The recommended seal arrangement consists of four seals as shown above: two seals facing the seawater and a second pair to retain the bearing lubricant. The space between each seal pair must be lubricated to prevent dry running, overheating and premature wear, preferably with a constant supply of grease. Fabric impegranted rotary shaft seals are recommended for this position as there will usually be a certain amount of pressure from the head of seawater. A leak detection port is recommended between the central seals to collect any leakage and give early warning of the need to replace the seals.
Over the years, the use of azimuth thruster has changed the way operators do business. The increased maneuverability and efficiency gains allow tug operators to do more with the same installed power. Added maneuverability can also play a role in improving safety during certain operations.
Where propulsion and steering are combined in azimuth thruster or POD propulsion systems the demands on the sealing systems are at their most challenging. Rapid changes in direction of forces and shock loads require the seals to be robust in construction yet highly responsive. Maximum sealing integrity combined with ease of fitting and maintenance are primary features of the thruster seal arrangements described below.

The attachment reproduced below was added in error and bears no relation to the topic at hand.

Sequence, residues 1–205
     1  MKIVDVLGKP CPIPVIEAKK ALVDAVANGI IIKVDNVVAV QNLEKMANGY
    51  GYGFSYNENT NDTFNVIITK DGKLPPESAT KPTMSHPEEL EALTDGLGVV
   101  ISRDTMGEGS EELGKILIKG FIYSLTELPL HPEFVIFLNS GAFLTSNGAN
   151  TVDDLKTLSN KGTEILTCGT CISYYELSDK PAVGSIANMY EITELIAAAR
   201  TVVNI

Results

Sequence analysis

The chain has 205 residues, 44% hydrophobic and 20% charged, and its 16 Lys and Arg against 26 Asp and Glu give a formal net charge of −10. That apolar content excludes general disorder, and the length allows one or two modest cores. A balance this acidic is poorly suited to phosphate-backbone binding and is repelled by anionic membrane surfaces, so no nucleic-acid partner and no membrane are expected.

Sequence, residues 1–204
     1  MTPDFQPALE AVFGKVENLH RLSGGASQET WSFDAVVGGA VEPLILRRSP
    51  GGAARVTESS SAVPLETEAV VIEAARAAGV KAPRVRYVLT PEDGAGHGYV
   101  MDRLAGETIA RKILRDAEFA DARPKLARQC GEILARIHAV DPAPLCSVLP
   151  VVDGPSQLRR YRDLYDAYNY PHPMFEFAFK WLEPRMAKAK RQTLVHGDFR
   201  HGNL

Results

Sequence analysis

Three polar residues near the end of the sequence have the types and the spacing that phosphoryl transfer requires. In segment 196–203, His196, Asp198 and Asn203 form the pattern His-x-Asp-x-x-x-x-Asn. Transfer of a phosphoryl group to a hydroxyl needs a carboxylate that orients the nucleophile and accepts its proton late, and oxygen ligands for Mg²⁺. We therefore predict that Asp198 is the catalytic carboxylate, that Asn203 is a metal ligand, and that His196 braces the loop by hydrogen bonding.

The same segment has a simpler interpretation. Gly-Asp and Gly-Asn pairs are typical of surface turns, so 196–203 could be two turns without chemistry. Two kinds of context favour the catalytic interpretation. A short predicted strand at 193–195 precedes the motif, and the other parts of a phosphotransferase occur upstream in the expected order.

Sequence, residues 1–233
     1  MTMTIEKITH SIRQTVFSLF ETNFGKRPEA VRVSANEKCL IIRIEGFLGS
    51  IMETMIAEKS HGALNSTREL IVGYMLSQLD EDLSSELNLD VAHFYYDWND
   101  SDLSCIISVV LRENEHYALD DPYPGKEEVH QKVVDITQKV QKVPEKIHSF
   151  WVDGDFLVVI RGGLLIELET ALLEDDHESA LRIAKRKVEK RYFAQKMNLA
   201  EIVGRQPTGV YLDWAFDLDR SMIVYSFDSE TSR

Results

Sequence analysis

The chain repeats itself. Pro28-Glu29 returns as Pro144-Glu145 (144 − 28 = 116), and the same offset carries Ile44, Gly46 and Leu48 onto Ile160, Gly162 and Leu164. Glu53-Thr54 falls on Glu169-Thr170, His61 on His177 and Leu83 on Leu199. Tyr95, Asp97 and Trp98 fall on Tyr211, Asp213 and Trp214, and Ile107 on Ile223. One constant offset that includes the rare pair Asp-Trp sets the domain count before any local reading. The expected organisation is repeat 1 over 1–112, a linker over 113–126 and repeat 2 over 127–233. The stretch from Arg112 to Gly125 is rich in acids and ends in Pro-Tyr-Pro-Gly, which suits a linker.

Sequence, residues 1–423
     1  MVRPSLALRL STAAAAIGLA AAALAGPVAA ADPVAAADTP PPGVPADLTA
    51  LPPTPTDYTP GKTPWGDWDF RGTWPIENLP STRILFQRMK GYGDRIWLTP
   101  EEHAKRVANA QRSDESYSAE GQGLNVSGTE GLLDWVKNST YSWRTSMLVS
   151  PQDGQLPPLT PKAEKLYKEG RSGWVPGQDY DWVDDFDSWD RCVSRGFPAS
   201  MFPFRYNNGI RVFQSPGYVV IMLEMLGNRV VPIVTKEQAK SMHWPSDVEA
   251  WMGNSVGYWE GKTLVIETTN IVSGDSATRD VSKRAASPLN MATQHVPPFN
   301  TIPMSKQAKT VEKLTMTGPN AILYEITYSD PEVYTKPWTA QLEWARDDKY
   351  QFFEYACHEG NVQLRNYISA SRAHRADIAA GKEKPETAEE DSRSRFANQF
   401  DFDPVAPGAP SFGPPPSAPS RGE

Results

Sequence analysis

The recommended seal arrangement consists of four seals as shown: two seals facing the seawater and a second pair to retain the bearing lubricant. The space between each seal pair must be lubricated to prevent dry running, overheating and premature wear, preferably with a constant supply of grease.
Propeller Shaft Seal
The recommended seal arrangement consists of four seals as shown: two seals facing the seawater and a second pair to retain the bearing lubricant. The space between each seal pair must be lubricated to prevent dry running, overheating and premature wear, preferably with a constant supply of Grease